It’s a sad commentary on the state of things when this becomes a realistic evaluation: “The question isn’t whether I’m paranoid, it’s whether I’m paranoid enough.”.

  8. Reminds me of a similar conjunction of events that ended up getting my computer infected with the one virus I ever got. For a brief time I was expecting attached spreadsheets from semi-unknown people (I had put a bid out to a number of companies) I had just changed email clients and didn’t quite know how it handled attachments, I had expected it to save attachments when clicking on them rather than opening them. And I was in a hurry. And I had my AV set to update definitions later in the day. (The update that detected that virus was 2 hours late.)

    Had any one of those things not been true I never would have run the masquerading spreadsheet and got infected.

    Up until then I thought it would never happen to me. Now I hope it never happens again, but 100% vigilance just isn’t possible.

  9. A very nice perspective. We ‘in the know’ often look down on those simple souls who fall for scams like this.
    Yet, we are all one distraction away from becoming a ‘simple soul’.
    On a vaguely related note, this is also the reason why usability and accessibility are not just important for handicapped people. We’re all functionally impaired at some point or other.

  10. Wow if you can be phished I guess pretty much anyone can. Both my hotmail and yahoo email accounts have been hijacked in the last 6 months. No-one else knows the passwords, and both computers I use are clean of viruses and spyware etc. I can only assume that the weak passwords cracked. Also I was phished by clicking a false ebay link, and was shocked at myself that I fell for it.

  11. Great column! I strongly believe that tiered defence is a part of the answer. We are used to the user/root level on our computers. We need to extend that model to access on twitter, gmail and so on. 99% of my gmail use (answering/sending one or a few emails at a time) could be done with limited access rights. Changing filters, mass forwarding/exporting, mass emailing, changing password and so on would need root. I’d gladly pay for that as a premium service.

  12. in many cases its not that they get you via shortened URL, a link, an attachment. they get you through lack of attention. In the haste of the day, most people, are barely attentive. Add to that the fact the email was from someone “familiar” so your attention will be even less.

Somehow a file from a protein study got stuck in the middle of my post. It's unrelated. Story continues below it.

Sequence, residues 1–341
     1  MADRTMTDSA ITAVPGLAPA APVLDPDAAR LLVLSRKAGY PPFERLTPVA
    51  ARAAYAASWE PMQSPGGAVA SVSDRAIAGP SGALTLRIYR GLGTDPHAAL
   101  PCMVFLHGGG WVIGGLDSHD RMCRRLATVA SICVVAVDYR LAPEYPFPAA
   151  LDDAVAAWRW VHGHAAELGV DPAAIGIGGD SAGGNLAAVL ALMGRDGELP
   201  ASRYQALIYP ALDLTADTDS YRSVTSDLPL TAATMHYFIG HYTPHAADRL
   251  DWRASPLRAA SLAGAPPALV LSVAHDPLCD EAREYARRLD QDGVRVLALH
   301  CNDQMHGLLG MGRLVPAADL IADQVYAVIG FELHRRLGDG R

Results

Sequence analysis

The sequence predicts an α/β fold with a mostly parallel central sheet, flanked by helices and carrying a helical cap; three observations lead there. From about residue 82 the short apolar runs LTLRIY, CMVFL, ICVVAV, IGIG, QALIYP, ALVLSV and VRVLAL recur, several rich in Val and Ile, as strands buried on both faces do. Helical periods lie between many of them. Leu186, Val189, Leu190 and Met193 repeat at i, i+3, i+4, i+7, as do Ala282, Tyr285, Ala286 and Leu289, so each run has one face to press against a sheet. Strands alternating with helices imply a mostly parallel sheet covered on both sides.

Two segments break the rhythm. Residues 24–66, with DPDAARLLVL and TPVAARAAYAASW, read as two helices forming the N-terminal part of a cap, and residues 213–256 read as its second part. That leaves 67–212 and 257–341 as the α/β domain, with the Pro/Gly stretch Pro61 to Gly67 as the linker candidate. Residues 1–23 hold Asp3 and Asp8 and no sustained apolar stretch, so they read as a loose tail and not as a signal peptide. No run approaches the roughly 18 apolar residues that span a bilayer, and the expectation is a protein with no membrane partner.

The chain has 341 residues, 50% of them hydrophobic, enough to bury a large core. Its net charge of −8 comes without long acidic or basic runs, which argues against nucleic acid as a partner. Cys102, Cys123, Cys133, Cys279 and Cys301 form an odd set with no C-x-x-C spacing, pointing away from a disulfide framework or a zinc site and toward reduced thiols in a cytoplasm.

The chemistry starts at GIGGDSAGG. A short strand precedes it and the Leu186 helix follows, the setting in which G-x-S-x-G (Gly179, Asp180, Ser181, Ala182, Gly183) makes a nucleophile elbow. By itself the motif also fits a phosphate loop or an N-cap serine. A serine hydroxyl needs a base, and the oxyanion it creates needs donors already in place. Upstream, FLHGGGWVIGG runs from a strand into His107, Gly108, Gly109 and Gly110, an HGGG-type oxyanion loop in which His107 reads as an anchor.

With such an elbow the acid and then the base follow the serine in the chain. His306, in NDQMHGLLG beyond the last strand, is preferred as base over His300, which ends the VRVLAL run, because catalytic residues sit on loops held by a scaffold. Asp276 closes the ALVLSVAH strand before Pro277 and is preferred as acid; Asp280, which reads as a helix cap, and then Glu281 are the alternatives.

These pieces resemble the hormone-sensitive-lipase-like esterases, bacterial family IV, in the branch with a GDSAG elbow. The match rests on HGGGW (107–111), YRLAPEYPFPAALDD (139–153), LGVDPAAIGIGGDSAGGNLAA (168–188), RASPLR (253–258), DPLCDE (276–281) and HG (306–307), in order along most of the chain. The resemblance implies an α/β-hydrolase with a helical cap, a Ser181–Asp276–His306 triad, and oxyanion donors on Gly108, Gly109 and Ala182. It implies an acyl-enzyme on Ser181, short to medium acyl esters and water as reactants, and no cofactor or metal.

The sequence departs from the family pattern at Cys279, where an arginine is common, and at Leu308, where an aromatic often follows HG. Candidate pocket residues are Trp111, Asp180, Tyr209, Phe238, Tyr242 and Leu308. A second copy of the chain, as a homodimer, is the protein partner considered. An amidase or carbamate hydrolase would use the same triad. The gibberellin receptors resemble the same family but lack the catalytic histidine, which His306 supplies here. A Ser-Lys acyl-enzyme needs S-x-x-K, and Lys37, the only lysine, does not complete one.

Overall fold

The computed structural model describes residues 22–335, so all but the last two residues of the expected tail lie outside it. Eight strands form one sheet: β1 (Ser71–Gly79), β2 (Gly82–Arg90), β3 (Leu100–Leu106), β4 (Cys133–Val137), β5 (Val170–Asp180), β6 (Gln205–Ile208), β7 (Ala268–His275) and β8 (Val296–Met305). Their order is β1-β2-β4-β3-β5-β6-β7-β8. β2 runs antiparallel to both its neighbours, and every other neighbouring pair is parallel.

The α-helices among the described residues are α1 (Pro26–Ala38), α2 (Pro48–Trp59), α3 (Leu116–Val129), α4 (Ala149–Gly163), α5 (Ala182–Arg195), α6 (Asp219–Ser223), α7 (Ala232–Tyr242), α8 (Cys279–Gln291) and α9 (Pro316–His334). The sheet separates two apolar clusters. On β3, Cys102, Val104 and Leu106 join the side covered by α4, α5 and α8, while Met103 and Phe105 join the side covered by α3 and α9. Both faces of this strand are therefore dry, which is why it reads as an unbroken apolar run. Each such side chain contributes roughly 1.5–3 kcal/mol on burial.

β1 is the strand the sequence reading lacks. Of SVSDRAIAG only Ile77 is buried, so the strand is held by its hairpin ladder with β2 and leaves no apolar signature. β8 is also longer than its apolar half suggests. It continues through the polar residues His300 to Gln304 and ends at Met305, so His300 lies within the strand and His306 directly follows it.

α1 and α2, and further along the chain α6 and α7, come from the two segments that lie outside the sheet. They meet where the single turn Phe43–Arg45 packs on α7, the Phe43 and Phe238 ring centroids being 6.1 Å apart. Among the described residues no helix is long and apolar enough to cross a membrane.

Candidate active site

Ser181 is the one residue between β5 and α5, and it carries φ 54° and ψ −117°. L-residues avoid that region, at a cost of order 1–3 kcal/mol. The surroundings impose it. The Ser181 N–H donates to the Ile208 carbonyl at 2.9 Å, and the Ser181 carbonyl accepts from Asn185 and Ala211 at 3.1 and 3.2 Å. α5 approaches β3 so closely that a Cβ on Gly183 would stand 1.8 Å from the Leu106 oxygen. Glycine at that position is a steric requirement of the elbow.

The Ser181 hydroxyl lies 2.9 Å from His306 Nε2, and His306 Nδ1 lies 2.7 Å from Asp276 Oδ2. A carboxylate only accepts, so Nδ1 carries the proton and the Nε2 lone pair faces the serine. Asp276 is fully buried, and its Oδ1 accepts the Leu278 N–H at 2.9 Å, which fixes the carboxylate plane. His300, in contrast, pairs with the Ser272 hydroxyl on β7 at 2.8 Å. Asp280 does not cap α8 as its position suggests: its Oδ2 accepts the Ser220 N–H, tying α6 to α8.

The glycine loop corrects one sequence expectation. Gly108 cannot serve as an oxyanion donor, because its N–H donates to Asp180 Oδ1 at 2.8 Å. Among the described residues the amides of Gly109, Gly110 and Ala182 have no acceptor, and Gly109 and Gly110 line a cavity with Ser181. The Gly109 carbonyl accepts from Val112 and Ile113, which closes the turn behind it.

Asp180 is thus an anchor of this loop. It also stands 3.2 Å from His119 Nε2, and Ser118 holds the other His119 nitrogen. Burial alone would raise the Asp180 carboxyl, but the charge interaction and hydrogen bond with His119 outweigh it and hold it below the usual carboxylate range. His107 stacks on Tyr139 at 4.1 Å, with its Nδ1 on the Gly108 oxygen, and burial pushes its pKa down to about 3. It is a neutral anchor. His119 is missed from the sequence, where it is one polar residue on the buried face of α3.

13. You should follow @spam they warned of the “is this you” phishing attack months and months ago.

  14. That’s why I only interact with Twitter via Tweetdeck. Click on a shortened URL and you get a popup showing the full address, page title, how many clicks it’s gotten, etc. THEN you decide whether to click through.

  15. I got fished on Steam in an almost identical way and felt really bad about it. If it can happen to Cory, though, then maybe it’s not so shameful anyway.

    Or maybe Cory should be horribly ashamed! ;)

    Thanks for posting this.

  16. This is why I don’t use any social networking sites. Want to send a message to my PC? It’s email or nothing, Bunky.

    Want to send me a message on my phone (a four year old bare bones Motorola)? It’s voice or nothing. I’m that guy the president of Sprint is making the snarky comment about in the commercial.

    And get off my lawn this instant!

  17. I note that the link in comment #2 — which is only 13 months old — has someone asking sincerely “Wait, what’s ‘twitter’?”

  18. If you use Firefox, there are some add-ons that will show the long version of the links. I use one called “Longer URL please” and it works great. It took only a second or two to install and now I always know where I’m really going to be going when I click on something.

    1. I suspect that browsers will race to add that as a feature in the near future.

  19. “Here’s the thing: I thought that phishers set their sights on a certain kind of naive person, someone who hadn’t heard all the warnings, hadn’t learned to be wary of their attacks.”

    Which brings irresistibly to mind the wisdom of con-man extraordinaire Moist von Lipvig, in Terry Pratchett’s Going Postal: the best way to hoodwink a smart man is to let him believe he has you figured.

  20. A similaer thing happened to me on Twitter. I logged into Twitter properly immediately and changed my password. It was a shock to be suckered so easily!